The very purpose of transport may change significantly post-pandemic, with Welsh policy focused on supporting remote working, placemaking and the transformation of towns and cities to respond to changes in how they’re used.

Transport governance is changing too: Transport for Wales’ (TfW) role is growing, and new local government structures are planned to deliver local transport policy on a regional basis. These will be key to delivering big ticket programmes like Welsh Metro systems, and the recommendations of the Burns Commission.

And of course all this in advance of an election where a new government might bring new priorities.

What did the consultation propose?

The consultation document sets out a 20 year vision for “an accessible, sustainable transport system” with four long-term “ambitions” for transport to be good for: people and communities; the environment; places and the economy; and culture and language in Wales.

An initial set of five-year priorities “aim to tackle the most urgent issues”:

  1. planning for better connectivity;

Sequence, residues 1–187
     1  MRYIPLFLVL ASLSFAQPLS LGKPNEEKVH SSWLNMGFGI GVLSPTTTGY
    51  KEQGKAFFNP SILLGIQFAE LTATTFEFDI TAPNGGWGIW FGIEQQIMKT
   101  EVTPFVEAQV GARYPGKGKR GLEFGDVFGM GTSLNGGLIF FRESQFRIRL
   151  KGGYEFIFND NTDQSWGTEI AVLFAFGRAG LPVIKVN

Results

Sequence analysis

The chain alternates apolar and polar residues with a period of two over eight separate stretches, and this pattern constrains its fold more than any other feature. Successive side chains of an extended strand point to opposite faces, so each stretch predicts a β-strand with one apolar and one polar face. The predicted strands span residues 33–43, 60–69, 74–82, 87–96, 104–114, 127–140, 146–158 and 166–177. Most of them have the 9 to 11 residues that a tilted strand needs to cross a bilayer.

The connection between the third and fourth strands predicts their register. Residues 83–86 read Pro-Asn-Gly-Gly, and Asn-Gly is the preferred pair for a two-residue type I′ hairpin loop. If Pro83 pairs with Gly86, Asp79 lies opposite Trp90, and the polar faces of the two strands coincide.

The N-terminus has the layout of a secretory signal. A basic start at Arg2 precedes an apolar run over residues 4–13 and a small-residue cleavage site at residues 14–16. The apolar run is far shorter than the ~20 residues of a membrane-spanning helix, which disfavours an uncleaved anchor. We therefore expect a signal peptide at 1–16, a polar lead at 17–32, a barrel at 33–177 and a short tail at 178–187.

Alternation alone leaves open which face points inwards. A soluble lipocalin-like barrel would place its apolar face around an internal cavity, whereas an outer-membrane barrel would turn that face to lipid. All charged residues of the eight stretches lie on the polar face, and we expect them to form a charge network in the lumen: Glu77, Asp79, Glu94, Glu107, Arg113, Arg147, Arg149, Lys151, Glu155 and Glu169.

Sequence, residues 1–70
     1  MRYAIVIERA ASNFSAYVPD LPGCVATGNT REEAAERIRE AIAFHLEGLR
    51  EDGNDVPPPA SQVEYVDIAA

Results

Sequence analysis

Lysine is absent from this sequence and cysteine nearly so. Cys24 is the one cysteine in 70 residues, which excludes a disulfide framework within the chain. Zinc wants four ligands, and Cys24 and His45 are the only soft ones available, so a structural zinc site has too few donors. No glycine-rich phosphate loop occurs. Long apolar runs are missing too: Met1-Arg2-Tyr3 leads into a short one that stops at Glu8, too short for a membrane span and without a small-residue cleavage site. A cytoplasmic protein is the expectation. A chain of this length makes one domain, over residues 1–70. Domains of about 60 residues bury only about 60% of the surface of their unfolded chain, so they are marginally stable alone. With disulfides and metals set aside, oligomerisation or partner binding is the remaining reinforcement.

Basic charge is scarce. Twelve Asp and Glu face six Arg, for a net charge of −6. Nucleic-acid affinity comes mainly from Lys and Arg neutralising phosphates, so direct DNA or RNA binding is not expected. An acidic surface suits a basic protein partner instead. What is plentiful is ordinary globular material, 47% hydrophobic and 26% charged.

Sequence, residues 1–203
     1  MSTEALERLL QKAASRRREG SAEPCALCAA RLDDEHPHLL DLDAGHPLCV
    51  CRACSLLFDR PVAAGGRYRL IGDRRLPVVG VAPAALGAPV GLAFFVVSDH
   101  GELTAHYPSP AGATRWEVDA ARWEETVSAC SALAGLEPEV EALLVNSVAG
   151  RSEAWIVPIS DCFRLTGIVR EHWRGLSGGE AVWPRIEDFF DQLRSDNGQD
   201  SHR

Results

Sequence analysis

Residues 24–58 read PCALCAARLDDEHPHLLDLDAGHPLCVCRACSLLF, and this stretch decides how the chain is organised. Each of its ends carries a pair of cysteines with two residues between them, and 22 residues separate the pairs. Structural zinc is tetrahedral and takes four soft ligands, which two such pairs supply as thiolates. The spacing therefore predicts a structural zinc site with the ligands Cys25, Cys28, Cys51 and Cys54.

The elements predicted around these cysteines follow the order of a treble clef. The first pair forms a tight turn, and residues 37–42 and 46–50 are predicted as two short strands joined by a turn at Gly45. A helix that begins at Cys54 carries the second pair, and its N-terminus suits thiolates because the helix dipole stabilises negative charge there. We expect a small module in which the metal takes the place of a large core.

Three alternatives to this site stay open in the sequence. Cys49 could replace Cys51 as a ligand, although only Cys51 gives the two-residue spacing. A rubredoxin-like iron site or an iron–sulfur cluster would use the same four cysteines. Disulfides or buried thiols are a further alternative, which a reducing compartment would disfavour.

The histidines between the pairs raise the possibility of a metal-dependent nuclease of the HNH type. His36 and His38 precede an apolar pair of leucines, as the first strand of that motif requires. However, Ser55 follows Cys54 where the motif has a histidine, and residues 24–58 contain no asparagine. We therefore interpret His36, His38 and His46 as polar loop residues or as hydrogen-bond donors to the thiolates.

2. public transport services:
  3. safe, accessible, well-maintained and managed transport infrastructure;
  4. making sustainable transport more attractive and affordable; and
  5. supporting innovations that deliver more sustainable choices.

On monitoring and evaluation, the consultation commits “to cover all modes of transport and also draw on multiple sources of data”. TfW will develop new data sources to fill any gaps, and targets will be developed for modal shift.

Delivery is described in terms of principles such as sustainable investment, and partnership working, and the strategy has been developed in the context of the Well-being of Future Generations Act.

Various delivery plans are identified including:

  • a National Transport Delivery Plan for Welsh Government interventions;
  • regional transport plans for local government interventions on a regional basis;